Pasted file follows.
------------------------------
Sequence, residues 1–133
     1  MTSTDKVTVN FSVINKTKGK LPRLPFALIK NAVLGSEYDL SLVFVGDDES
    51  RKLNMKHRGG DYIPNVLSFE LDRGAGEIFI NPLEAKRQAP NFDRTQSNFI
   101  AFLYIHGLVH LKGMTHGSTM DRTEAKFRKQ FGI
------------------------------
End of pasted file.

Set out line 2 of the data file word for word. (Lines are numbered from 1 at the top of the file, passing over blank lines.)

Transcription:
     1  MTSTDKVTVN FSVINKTKGK LPRLPFALIK NAVLGSEYDL SLVFVGDDES